It's all very fluffy stuff and wouldn't matter except for Asimov's maddening dislike for rewriting that leaves his stories sloppy and filled with all sorts of holes that he gets away with only because they never occur to him in the first place.  Asimov never grasped that a successful story needs to be not just a logic puzzle, but a logical story that needs to be honed and polished until the conclusion is inevitable from a dramatic point of view as well as from the crossword puzzle point of view.  What a sci fi story can forgive, the mystery cannot, which just goes to show that mixing two genres is more than mixing tropes, but rather of adapting one genre to the demands of another.

That's one mystery that Dr Asimov never solved.

Wednesday, 12 October 2011

Writing in the digital age

The Frankfurt Book Fair opens today and in the era of the ebook authors must come to grips with a changing industry responding to changing technology.

Tuesday, 11 October 2011

Monday, 10 October 2011

Friday, 7 October 2011

Thursday, 6 October 2011

Wednesday, 5 October 2011

Self-publishing perils

Thinking about self-publishing?  With e-books and publishing on demand, there's never been a better time to get around the gatekeepers of the big publishing houses, but it isn't all beer and skittles. If you're publishing your own work, you're responsible for all the artwork, editing, formatting and all the other grunt work that the publisher traditionally handles.

Look out for these signs of a badly done job of self-publishing.  If your book looks like this, you're in trouble.

Tuesday, 4 October 2011


Do you drink only Nescafe?  Eat only minute steak?  Prefer minute mysteries because two-minute mysteries are too long?   Then Book-a-Minute is for you. Here, for example, are the collected works of Isaac Asimov:
Stock Asimov Character #1 
I'm a suave, witty, brilliant, good-looking scientist. I am everything Asimov thought he was. 
Stock Asimov Character #2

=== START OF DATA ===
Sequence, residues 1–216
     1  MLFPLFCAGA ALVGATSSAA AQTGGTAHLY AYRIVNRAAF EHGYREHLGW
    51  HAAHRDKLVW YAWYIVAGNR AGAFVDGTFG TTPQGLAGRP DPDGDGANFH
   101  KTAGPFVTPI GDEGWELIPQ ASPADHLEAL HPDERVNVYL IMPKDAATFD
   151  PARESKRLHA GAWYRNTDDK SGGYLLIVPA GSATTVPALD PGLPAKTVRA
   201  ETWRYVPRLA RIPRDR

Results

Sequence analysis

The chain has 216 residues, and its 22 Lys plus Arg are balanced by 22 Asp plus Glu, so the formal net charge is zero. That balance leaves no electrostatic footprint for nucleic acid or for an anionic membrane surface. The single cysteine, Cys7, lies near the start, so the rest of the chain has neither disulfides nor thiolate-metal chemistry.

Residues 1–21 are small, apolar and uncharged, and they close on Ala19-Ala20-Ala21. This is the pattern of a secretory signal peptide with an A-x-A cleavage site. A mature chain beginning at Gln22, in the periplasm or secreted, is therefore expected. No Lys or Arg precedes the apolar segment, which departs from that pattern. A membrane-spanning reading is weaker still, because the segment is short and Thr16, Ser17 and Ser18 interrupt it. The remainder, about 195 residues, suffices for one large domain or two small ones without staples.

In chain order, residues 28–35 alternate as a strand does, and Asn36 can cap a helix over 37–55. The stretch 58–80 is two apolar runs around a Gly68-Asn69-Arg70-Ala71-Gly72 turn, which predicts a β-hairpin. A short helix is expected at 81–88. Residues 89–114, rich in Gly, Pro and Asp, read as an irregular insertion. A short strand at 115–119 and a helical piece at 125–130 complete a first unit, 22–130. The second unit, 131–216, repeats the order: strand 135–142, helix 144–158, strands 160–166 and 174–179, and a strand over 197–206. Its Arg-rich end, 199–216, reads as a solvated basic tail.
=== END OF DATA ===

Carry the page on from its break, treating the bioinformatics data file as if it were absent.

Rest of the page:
I am the same, except the opposite sex. 
Stock Asimov Character #1 
Great! Let's do some science stuff, save the world, and make out. 
(They do.)

Monday, 3 October 2011

Review: The World According to Clarkson

The World According to Clarkson by Jeremy Clarkson (2004)

Jeremy Clarkson's columns fall into two categories:  The car-centric ones, which are very entertaining, but a hard slog because you need to be up on every obscure marque of the past half century; and his non-automotive ones, which are a much faster read.  This collection of Clarkson's columns from 2001 to 2004 introduces us to his views on town centres (determined to drive out motor cars at the expense of everything else), holidays (mind-numbing periods of boredom destined to cause household destruction), Concorde (the last great thing that Britain produced), and gardening (proof that middle age has arrived).  In between we're treated to Clarkson's war with a fox, the time he unsuccessfully participated in an army assault, and why juries are scarier than criminals.

Clarkson's appeal lies in a light, humourous style matched with an outspoken attitude that regards political correctness as a challenge.  Despite having very definite opinions, he also has a wide streak of self-deprecation that makes for a good leavening.  The fast pace of his style is also helped by the public persona that he's cultivated over the past thirty years that allows him to voice his views as that of a bewildered, ham-fisted petrol head, though if you listen carefully sometimes the mask slips and a much more thoughtful and widely read man is revealed who simply never bought into the media heard instinct.

Be that as it may, stay well clear if he ever decides to take out a fox with a shot gun.